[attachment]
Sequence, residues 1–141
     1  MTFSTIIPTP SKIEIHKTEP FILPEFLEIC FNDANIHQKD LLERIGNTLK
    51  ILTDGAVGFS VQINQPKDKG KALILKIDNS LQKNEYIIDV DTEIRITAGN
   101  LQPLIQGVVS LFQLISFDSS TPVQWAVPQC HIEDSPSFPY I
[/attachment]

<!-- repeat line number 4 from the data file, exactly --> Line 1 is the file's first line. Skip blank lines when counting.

   101  LQPLIQGVVS LFQLISFDSS TPVQWAVPQC HIEDSPSFPY I